31 Maple Street
Bristol, Connecticut USA
August 28, 2016
Rev. Kristen J. Kleiman
While First Corinthians 13, “Love is patient, love is kind” is by far the most popular Bible passage read at weddings, this passage from Ruth is often used as well. As brides and grooms pledge their lives to one another, these words from Ruth speak of their commitment to walk with each other through all that life has to offer:
“Where you go, I will go; where you lodge, I will lodge; your people shall be my people, and your God my God. Where you die, I will die- there will I be buried. May the Lord do thus and so to me, and more as well, if even death parts me from you!” (Ruth 1:16-17)
Can’t you picture a couple speaking these words of devotion and commitment to one another on their wedding day, but that was not the original context of this promise. These words of devotion and commitment were spoken by a daughter-in-law to her mother-in-law.
Daughters-in-law and mothers-in-law – not a relationship that is usually associated with love and devotion. While many of us have a wonderful relationship with our mother-in-law or daughters-in-law, the relationship is more often thought of in negative terms with one woman criticizing the other, the other resenting and complaining about the first.
But that is not how Naomi feels about either of her daughters-in-law. When Naomi tells them to return to their mothers’ houses, Naomi says “May the Lord deal kindly with you, as you have dealt with the dead and with me.”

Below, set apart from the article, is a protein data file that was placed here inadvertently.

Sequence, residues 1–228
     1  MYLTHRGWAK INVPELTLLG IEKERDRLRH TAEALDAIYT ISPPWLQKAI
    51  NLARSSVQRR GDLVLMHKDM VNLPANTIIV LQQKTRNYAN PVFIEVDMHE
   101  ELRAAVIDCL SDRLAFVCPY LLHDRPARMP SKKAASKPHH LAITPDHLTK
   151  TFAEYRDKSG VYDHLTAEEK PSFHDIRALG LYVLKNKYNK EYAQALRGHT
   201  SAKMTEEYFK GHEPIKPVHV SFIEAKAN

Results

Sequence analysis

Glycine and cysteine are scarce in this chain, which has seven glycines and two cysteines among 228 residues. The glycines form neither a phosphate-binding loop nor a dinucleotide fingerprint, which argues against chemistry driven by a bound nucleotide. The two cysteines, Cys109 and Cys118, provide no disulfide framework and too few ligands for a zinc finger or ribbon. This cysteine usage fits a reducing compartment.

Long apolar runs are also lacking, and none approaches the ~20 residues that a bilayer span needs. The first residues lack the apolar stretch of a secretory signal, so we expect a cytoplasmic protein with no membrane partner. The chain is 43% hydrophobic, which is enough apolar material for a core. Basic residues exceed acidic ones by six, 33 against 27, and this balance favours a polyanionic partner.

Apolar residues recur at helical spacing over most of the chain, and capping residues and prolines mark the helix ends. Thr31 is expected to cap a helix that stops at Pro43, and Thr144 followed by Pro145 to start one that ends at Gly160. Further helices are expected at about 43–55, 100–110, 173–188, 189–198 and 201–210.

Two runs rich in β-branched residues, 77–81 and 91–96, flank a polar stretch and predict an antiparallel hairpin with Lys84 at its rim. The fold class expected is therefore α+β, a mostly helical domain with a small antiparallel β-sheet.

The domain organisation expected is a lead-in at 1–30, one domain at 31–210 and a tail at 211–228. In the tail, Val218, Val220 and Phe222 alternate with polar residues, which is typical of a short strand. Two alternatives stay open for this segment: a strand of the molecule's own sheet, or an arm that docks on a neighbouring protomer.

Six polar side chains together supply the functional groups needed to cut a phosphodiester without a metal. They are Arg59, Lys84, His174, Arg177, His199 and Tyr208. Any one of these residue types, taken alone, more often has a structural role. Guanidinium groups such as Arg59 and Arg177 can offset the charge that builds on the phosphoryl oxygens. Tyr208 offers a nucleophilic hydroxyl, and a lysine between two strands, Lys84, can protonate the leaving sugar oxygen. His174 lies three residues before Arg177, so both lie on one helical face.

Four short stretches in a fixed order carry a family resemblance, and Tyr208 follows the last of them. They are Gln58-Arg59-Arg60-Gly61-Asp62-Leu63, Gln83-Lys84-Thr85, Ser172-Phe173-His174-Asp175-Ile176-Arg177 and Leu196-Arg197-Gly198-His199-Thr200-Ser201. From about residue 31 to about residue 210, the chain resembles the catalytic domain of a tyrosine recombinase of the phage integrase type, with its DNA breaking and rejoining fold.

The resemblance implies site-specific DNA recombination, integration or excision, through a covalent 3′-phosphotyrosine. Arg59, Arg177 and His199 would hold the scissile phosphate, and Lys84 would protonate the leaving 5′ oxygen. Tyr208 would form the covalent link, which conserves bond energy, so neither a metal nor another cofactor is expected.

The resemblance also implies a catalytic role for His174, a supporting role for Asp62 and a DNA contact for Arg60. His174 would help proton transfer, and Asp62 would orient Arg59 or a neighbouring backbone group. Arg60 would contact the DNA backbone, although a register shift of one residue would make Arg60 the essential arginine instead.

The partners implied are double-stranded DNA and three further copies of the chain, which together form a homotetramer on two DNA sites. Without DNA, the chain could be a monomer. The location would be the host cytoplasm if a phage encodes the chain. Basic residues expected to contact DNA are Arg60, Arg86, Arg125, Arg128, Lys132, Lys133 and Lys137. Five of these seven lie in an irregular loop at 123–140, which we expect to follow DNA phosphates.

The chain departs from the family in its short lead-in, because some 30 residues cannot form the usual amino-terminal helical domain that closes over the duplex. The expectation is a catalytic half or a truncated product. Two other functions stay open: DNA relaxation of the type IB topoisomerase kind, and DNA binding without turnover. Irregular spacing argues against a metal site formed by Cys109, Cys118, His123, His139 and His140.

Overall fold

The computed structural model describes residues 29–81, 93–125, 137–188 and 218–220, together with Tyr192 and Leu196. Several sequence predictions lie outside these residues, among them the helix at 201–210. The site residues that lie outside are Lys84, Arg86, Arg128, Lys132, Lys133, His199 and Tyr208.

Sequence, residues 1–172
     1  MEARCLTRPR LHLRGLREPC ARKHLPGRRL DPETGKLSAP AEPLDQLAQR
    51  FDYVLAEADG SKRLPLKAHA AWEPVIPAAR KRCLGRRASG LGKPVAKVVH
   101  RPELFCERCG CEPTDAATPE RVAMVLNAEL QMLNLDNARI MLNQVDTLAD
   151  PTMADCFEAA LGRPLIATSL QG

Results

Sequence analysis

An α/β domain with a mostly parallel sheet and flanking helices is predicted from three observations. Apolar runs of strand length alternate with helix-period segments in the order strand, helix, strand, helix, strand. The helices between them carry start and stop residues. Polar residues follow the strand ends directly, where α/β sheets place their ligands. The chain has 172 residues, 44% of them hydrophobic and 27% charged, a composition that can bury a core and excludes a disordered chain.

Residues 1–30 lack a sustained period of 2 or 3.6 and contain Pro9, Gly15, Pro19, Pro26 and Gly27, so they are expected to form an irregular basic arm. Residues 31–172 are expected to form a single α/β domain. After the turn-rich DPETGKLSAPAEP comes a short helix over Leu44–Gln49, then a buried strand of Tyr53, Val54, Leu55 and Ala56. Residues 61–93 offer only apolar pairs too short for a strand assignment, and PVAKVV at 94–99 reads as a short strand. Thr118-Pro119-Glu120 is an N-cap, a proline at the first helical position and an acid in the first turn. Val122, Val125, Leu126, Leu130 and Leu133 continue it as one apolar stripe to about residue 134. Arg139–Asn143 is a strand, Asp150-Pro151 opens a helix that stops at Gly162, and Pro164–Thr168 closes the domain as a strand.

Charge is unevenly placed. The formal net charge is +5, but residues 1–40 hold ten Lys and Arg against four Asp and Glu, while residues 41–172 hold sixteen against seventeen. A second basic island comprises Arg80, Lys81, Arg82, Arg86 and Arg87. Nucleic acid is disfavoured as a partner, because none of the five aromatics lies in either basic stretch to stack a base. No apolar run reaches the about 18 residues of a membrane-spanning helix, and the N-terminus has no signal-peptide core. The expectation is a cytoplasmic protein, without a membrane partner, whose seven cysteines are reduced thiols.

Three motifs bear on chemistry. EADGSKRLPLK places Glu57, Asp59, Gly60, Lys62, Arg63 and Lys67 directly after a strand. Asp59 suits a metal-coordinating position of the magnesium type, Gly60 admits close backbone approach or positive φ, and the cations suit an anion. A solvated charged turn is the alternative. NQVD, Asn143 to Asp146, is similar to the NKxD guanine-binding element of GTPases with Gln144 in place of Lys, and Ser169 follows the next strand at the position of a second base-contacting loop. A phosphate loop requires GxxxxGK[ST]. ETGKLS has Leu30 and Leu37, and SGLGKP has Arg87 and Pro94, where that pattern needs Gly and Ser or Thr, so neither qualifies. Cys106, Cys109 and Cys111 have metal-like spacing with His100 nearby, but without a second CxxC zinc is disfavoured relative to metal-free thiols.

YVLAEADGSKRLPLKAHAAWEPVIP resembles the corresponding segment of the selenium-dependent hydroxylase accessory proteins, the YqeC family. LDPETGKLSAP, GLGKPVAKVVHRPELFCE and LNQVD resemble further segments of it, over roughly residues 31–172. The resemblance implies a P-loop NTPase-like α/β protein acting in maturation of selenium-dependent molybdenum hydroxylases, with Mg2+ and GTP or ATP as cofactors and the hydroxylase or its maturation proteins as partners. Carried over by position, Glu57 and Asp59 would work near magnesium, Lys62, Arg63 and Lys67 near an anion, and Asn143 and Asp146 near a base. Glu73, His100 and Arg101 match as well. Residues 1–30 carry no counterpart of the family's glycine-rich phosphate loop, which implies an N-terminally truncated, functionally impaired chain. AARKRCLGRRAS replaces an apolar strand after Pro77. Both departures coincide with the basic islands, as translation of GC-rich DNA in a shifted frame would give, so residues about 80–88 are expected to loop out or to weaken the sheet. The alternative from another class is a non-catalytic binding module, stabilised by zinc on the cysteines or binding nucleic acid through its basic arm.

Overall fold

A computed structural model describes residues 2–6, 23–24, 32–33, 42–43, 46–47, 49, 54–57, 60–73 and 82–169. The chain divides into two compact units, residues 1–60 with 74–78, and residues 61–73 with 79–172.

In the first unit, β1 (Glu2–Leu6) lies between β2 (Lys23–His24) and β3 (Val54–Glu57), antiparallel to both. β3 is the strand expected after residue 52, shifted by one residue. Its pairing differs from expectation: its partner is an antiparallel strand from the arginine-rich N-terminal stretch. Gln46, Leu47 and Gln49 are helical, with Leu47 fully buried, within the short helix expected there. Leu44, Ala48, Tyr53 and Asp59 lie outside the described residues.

This has clearly been a caring relationship. Orpah cries as she leaves the women. Ruth refuses to go. Instead of making the safe, practical choice, instead of returning home to find a new husband amongst her own people, Ruth cares so deeply about Naomi that she chooses to go with her.
You would think Naomi would be overjoyed to hear these words of devotion from Ruth. You would think that after all Naomi has lost, her husband, her two sons, that it would be a comfort and joy to know that her daughter-in-law chooses to journey with Naomi instead of choosing her own security.
You would think that Ruth’s words of devotion would engender an equal response. The Bible only says though that when “Naomi saw that [Ruth] was determined to go with her, she said no more to her.” (Ruth 1:18)
She said no more to her. Naomi said no more because Naomi knew it would be of no use to argue? Or because Naomi was giving Ruth the silent treatment? Was Naomi unhappy to have Ruth’s company?